Boosting innate T cell responses in colon cancer

Dr Seth Coffelt & Prof Joanne Edwards


Labs: Immune Cells and Metastasis & Translational Cancer Pathology
Funding scheme: MRC DTP in Precision Medicine
Closing Date: 11th January 2023

Project Description

The importance of T cells is well established in colorectal cancer, as their abundance in tumours predicts a good outcome in cancer patients. However, for the largest group of colorectal cancers – the microsatellite stable (MSS) group, which represents 80-85% of cases – T cells are largely absent from tumours. Patients with MSS tumours respond poorly to T cell checkpoint inhibitors, such as anti-PD-1. Thus, a greater understanding of how T cells are excluded from MSS tumours is required. Across the genomic landscape of MSS tumours, mutations in WNT/beta-catenin-related genes are the strongest correlative of low T cell infiltration. Thus, the overall goal of this proposal is to mechanistically dissect the interaction between WNT/beta-catenin signalling, immunosurveillance and immune escape in colon cancer. This proposal will specifically focus on intraepithelial lymphocytes (IELs), a group of gut-resident, unconventional T cells consisting of both alpha/beta T cells and gamma/delta T cells, rather than conventional, dendritic cell-educated CD8+ T cells. The Coffelt lab has discovered that IELs recognize and kill pre-cancerous gut epithelial cells. We have found that WNT signalling negatively regulates T cell interacting molecules, but downregulation of these proteins is reversible if WNT signalling is inhibited.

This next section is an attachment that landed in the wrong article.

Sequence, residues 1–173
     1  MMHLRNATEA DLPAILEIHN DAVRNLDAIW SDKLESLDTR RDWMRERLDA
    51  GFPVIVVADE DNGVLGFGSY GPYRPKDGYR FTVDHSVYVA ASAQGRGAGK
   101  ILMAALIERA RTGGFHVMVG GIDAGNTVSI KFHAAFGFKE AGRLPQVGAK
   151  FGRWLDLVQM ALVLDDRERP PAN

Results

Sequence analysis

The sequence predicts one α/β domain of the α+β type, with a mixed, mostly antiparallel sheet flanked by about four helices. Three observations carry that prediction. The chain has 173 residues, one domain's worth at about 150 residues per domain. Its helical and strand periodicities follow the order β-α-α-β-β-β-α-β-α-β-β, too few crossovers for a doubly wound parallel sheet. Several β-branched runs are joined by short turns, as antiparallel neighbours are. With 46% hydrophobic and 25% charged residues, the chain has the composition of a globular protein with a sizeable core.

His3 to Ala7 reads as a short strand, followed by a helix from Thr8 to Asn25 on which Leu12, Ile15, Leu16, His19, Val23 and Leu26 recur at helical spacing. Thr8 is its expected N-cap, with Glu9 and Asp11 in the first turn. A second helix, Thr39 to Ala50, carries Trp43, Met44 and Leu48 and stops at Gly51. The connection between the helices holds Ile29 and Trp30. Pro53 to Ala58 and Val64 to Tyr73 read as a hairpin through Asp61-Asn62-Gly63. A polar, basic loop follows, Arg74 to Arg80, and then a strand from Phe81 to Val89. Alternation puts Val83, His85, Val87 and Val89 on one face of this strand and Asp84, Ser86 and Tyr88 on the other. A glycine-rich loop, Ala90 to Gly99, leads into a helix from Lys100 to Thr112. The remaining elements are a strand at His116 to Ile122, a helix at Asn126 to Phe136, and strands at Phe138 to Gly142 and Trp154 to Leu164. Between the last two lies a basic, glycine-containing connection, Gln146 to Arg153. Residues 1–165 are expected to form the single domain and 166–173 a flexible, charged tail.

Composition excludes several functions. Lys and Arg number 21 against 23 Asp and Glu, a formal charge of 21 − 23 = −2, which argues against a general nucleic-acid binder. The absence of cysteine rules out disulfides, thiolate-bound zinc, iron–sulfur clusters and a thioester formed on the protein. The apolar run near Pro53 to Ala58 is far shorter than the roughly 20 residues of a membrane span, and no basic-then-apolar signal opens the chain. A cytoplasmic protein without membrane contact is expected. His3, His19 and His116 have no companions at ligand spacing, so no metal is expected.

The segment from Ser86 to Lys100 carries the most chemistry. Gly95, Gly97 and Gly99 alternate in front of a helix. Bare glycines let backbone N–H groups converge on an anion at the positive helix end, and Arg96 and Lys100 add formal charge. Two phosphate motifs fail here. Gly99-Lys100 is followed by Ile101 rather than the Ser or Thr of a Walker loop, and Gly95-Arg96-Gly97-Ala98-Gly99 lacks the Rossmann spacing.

For informal enquiries or further details on the project, please email Dr Seth Coffelt (

For more information on the MRC DTP in Precision Medicine programme:



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